Reflections on the Power and Beauty of Kayaktivism

As featured in this week's issue of Real Change News:

By Bill Moyer

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I co-founded and direct the Backbone Campaign and for the last 12 years have had the honor to work with an array of incredible people who practice what I call Artful Activism. They are autonomous, creative change agents, a sort of nonviolent guerrilla force with the improvisational sensibility of a free jazz ensemble. They are bold, innovative, skilled, smart and listening deeply to the world around them.

Together, we are Team Backbone. Meetings are rare and somewhat scorned,but potlucks and parties are well attended. We prefer action. Whether using puppets, shining messages onto buildings, deploying a flash mob, a blockade, or a flying banner we strive to transform protests into cultural happenings to more effectively reach peoples minds and hearts.

Though we work on many causes, Backbone frames it all as part of one battle between paradigms. One paradigm idolizes capital, gives corporations rights, and considers everything For Sale. It commodifies people, democracy, communities, and the planet itself. The paradigm we fight for is one in which people communities and nature and our obligation to future generations are considered sacred, and clearly NOT for sale.

If last year, someone asked, "Could Team Backbone throw together a protest on Lake Washington with a few dozen kayaks, a couple motor boats and some giant banners off shore from the mansion of the world’s richest man? Oh, by the way, how about in two weeks?" I would probably have said, “Sounds cool, but no freaking way.”

Actually, this October someone did ask and I didn’t give it a second thought.  “Sure, no problem.”  After all we have been through this past spring and summer during the sHellNo! campaign, this was an easy lift.  Our crew of artful activists have adapted our methods to the water and found our groove with kayaktivism: the use kayaks for nonviolent action.  So, we accepted the challenge and staged a flawless on-water protest to get the Bill & Melinda Gates Foundation to divest from fossil fuels.  [This week, we learned that the Gates Foundation has begun the divestment process.]

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Staging a protest with kayaks is not entirely new to Backbone. In 2009, kayaks were part of a community campaign to stop an industrial gravel mine on the shores of Maury Island, next to Vashon Island. During that campaign, Backbone trained a rapid response team of volunteers for an on-water blockade of a construction barge.  After months of action and preparation for the flotilla the politics shifted and victory was won in court. The mining company had to go back to the drawing board.  So, instead of mobilizing the blockade we threw a party.  Now that site is a park and the experience gave Backbone Campaign a measure of confidence.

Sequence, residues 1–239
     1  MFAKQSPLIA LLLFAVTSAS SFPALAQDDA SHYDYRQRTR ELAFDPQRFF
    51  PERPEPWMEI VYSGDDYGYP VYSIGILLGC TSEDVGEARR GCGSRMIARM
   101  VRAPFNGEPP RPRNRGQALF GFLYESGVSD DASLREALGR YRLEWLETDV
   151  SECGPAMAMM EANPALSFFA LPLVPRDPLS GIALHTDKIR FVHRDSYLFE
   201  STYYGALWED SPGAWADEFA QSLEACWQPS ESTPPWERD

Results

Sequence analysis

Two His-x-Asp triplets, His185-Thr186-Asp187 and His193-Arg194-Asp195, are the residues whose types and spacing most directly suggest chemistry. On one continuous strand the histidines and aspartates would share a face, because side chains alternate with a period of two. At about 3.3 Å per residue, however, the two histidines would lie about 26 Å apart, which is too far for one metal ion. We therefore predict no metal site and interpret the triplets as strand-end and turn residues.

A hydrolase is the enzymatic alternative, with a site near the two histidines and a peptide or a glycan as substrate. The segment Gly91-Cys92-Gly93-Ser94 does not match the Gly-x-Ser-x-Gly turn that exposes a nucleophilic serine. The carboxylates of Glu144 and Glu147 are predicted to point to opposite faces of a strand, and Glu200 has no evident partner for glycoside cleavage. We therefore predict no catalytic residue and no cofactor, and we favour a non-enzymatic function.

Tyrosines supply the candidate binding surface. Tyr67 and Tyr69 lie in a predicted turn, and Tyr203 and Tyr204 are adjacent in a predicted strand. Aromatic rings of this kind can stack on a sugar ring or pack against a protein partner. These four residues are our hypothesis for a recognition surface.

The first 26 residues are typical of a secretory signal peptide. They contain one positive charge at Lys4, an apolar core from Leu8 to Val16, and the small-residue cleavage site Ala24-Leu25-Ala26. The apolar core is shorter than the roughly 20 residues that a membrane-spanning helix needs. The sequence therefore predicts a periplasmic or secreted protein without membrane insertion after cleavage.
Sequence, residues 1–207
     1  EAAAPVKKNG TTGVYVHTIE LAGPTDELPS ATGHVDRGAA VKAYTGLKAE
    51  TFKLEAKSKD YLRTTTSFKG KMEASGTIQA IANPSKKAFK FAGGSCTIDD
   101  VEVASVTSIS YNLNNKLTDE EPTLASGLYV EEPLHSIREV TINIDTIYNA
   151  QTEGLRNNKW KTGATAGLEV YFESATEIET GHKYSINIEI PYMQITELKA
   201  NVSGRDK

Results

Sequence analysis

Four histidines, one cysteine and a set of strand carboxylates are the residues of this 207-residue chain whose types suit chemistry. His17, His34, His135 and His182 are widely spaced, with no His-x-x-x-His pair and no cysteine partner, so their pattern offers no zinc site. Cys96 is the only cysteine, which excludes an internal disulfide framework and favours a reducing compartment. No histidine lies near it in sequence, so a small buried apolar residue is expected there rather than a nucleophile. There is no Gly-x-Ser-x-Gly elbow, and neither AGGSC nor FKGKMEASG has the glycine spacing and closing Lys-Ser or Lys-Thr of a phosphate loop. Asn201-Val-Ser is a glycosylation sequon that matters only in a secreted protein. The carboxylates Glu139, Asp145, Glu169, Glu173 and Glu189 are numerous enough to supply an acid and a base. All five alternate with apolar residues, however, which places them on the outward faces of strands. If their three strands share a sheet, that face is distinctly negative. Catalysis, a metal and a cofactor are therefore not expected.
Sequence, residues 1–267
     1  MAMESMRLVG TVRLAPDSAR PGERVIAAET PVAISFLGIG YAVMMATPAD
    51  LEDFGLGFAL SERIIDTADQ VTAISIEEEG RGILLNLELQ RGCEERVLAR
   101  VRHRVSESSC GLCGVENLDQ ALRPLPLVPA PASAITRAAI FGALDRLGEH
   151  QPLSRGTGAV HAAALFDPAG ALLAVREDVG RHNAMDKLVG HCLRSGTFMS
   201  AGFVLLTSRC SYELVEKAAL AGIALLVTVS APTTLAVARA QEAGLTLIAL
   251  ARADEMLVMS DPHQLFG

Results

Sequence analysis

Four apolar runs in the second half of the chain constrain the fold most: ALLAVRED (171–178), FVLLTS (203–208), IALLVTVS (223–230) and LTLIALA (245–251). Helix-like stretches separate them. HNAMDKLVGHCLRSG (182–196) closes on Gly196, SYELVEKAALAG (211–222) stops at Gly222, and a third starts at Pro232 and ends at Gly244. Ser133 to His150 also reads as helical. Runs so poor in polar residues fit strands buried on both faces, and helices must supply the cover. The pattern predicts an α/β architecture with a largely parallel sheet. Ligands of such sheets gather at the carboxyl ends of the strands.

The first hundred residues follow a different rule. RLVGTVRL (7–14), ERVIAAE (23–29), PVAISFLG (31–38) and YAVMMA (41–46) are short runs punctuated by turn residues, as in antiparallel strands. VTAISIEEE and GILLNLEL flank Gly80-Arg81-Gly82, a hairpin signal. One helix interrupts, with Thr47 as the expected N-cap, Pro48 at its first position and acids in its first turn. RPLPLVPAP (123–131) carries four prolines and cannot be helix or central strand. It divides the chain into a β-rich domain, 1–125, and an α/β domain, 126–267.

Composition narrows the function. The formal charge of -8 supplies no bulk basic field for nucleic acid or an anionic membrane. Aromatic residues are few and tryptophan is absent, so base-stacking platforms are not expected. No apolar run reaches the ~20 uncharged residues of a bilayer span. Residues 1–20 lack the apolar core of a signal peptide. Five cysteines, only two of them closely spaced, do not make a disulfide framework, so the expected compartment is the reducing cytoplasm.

So this past spring, when Royal Dutch Shell planned a layover for an Arctic-bound oil-drilling rig in the Port of Seattle, and Port Commissioner Bill Bryant made light of the possibility that they might be threatened by a “flotilla of kayaks,” we felt just confident enough to oblige him.  We knew it would take a great deal of preparation.  On April 2, we called for people to “Join the Flotilla!” And our deep dive into kayaktivism began. 

With the blessing of the Duwamish Tribal Chair Cecile Hansen, upon whose land and waters these protests would take place, and the essential collaboration of Alki Kayak Tours, we embarked on an aggressive training schedule.  As part of what became known as the sHellNo! action council, Backbone took on the task of ensuring water-borne protestors had the skills and equipment to safely hit the water.  Our team trained hundreds of people. Over the course of four months, we hit the water in seven towns, from Port Angeles to Portland, Ore.  We helped execute 14 on-water actions, most during the day but many at night as well.

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Of all the tactics I’ve utilized with Backbone in the past 12 years (and we've used many), kayaktivism is inherently the most beautiful.  It is gorgeous to be on the water, where the collection of colorful kayaks creates a giant, floating mosaic.  In order to prepare for possible 24 hour blockades, low risk nighttime activities were a welcome necessity.  Luminaries, i.e. colorful lanterns mixed with live hip hop, Coastal Salish drumming and Paul Cheoketen Wagner's incredible flute playing, all reflecting and echoing off the calm evening waters. Photos from the events continue to inspire, but kayaktivism is more than mere visual spectacle or musical venue.

These experiences transformed those who participated, including me. Kayaktivism builds community. Kayaktivism requires people to look out for and support each other.  That was beautiful to witness.  I found that being on the water, my body and mind fully engaged reinforced a sense of place.  Doing this alone and especially with others, connected me to the deepest reasons for doing this work.